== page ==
For what purpose? My favourite language is haskell, but it may or may not be suited to your goals. It sure as hell won't get you a job easy.

Practicality-wise, I'd suggest Javascript because you learn it once and you can use it for frontend (DOM, angular, react, etc) and backend (node.js), all of which are very popular and highly-demanded. For learning-wise, it's not the best language to learn about language concept though..

Another vote for Typescript here. For one because it's a really nice modern type system that doesn't get in your way too much. Also because if you're already familiar with node, you'll be able to focus on the language rather than new libraries/tooling/ecosystem.

Swift is a fantastic language with an excellent type system. It can go all the way from writing scripts to building a whole OS and it's about as performance as C/C++. Plus you have a great app ecosystem to build apps for, iOS, TVOS, etc... but it's also open source.

I would strongly recommend C. You will learn a lot about computers, rather than computer science.

If you want to stay in the computer science realm, I would recommend C#, C++, or Go. All three have the critical mass to be dominant languages in the next decade.

I'm not sure what CS means in this context but my experience has been that C is the language of choice when doing "real CS" - which I'd define as the analysis, use and invention of data structures and algorithms on Turing machines.

If you mean the engineering practice of turning specifications into machines then there are definitely better languages for that.

A lot of people here say C#. Well, that is a decent option, but I think F# is overall better (however, obviously C# have a bigger job market).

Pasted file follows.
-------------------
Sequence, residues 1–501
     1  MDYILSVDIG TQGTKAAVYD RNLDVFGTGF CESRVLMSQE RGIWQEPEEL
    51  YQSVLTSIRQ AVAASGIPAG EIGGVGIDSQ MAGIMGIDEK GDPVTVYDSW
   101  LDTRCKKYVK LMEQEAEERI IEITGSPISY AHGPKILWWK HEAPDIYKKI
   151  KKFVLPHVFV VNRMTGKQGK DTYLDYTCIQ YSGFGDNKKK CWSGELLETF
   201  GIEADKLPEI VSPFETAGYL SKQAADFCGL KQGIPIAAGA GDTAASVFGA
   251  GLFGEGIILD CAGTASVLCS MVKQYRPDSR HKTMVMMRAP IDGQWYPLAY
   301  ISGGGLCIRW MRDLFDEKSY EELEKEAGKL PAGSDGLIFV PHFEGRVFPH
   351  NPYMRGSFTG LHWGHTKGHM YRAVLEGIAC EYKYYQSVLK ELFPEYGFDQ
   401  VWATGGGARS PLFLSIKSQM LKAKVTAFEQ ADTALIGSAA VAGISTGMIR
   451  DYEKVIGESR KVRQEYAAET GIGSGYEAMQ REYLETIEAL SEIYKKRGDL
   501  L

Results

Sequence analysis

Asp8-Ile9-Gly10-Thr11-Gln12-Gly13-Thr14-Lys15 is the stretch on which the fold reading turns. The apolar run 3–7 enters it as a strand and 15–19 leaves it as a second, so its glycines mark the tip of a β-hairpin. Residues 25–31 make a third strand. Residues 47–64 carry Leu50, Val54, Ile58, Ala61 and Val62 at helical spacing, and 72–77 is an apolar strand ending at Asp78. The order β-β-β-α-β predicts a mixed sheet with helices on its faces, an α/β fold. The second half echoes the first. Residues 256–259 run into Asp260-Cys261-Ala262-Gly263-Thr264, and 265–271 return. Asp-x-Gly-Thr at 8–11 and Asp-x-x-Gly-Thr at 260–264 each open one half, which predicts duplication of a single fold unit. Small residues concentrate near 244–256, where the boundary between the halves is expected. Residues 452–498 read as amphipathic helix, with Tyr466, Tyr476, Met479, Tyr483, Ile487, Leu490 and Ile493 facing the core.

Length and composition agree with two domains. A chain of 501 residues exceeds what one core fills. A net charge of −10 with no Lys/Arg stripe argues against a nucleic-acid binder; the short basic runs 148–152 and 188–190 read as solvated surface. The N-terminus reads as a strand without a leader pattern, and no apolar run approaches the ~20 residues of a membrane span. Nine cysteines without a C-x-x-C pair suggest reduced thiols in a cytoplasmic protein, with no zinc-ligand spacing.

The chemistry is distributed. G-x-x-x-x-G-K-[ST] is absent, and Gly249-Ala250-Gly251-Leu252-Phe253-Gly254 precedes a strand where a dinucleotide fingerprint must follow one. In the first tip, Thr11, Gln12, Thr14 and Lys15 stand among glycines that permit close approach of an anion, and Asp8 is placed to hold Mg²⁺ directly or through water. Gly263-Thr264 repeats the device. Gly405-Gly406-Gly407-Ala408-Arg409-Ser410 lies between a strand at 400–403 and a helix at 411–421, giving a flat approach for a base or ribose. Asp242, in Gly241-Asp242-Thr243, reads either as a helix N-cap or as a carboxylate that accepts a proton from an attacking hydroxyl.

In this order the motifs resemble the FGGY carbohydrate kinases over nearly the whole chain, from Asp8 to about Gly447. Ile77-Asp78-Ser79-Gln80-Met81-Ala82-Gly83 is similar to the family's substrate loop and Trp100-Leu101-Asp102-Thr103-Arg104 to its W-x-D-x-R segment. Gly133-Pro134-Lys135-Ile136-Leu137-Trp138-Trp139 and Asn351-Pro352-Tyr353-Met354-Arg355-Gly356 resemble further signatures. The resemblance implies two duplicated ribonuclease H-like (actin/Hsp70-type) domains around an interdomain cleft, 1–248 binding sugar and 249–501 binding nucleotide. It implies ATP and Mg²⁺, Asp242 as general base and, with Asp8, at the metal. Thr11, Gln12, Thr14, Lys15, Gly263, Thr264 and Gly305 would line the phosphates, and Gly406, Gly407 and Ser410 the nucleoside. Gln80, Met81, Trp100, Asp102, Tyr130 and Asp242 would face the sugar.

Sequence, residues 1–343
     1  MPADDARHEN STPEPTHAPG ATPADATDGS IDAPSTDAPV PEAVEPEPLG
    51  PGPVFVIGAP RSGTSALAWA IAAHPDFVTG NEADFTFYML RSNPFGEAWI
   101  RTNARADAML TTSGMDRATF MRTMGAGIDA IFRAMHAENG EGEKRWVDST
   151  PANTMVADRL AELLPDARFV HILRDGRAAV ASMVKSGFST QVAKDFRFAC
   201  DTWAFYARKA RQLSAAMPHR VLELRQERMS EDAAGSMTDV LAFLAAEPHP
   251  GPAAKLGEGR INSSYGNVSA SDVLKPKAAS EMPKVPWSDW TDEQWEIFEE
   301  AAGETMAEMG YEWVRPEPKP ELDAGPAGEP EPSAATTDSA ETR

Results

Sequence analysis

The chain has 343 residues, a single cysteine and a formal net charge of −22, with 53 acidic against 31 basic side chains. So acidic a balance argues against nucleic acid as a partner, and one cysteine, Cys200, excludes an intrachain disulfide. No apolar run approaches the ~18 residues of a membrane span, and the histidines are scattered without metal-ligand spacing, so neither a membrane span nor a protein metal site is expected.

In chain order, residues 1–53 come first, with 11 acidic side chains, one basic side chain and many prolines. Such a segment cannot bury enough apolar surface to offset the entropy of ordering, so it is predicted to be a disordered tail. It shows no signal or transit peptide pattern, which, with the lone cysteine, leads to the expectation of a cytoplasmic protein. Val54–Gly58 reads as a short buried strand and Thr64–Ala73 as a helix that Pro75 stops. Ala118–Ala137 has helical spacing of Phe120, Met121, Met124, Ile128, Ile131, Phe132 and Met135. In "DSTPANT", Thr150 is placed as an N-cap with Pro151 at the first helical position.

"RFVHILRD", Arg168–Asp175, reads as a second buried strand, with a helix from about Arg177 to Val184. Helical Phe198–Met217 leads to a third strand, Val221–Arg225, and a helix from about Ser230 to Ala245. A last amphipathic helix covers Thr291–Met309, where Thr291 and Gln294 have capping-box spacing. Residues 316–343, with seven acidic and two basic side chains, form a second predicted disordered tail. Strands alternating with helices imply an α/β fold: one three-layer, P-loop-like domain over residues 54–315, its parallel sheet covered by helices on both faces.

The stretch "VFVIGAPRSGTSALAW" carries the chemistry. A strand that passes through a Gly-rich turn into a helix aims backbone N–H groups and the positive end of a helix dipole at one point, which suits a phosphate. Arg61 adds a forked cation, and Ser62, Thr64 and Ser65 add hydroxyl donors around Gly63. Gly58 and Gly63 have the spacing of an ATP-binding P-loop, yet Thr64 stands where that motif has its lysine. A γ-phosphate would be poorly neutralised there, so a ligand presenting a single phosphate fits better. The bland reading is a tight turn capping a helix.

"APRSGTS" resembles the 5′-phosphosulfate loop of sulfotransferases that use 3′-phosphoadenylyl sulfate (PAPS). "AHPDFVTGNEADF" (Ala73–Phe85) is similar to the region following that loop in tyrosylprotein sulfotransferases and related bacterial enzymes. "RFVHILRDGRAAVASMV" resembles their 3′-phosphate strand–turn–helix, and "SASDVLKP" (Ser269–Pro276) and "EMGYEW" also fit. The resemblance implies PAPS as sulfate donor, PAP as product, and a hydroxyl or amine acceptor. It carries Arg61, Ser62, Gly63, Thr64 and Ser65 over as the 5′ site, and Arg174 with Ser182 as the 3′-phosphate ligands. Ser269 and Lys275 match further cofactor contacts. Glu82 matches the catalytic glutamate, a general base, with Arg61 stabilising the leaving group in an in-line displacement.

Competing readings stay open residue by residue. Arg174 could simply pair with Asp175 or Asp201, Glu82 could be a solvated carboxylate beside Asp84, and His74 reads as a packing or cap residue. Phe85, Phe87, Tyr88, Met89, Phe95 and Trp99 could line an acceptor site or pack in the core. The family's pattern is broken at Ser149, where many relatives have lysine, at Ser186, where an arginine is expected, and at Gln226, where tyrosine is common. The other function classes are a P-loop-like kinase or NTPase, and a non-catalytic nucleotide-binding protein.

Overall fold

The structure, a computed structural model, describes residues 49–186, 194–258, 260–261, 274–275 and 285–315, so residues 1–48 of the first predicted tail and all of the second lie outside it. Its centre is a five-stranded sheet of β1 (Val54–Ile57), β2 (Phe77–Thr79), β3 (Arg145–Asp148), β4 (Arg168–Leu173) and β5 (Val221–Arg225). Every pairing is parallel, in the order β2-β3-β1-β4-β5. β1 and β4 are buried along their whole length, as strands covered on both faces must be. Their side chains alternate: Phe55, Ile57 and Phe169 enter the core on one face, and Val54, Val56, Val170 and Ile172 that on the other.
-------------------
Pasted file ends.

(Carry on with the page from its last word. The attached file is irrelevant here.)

F# is similar to oCalm, still can do the things C# do, still you can use C#, still you are using .NET.

That is a lot of plus!

The main downside is the smaller job market.


BTW if you use PHP/JS, C# will not teach you much. Is also "OO" and much code around, specially old or coming from the corporate world is not eye opener.

PHP/Js are less well designed languages, that encourage and celebrate bad practices... but most decent developers learn to workaround that and coming to other languages will look at first like "same".

Require some study and effort to see how much C# is better.

In contrast, F#, Pascal, oCalm, Haskell, Rust, etc will open your mind and increase your skills, because will move you out the comfort zone.

I currently use Go, but recently have found C# to be very nice to work with.

If you're interested in iOS/Cocoa development, Swift is a top-notch statically typed language with lots of paradigm flexibility. Unfortunately, it isn't used as much outside of that domain.

Go with Swift, it can be used everywhere and it is in high demand right now. Server, desktop, mobile, watch, tv, you name it.

Kotlin comes in second place if you like Android and their mobile ecosystem.

Elm, it's a lot simpler than any other statically typed language, and compiles to JS. You can run it on node.js with various tricks.

https://kotlinlang.org might be worth trying too

I am still facing dilemma Java vs C#. I have to say I like C# more but there seems to be many more Java jobs than C#.

There are so many jobs in both of them that if you're having trouble getting hired, you probably should learn a little bit more.

Right. But location matters and in smaller parts of the world it is difficult to be picky.

Go is fantastic

You Go

That's a context-dependent question. If you want to do systems-level stuff that's safe, concurrent, and fast, then learn Rust! I'm having lots of fun with Rust. :-)

If you don't want some of those attributes, then Rust probably isn't the best answer for you.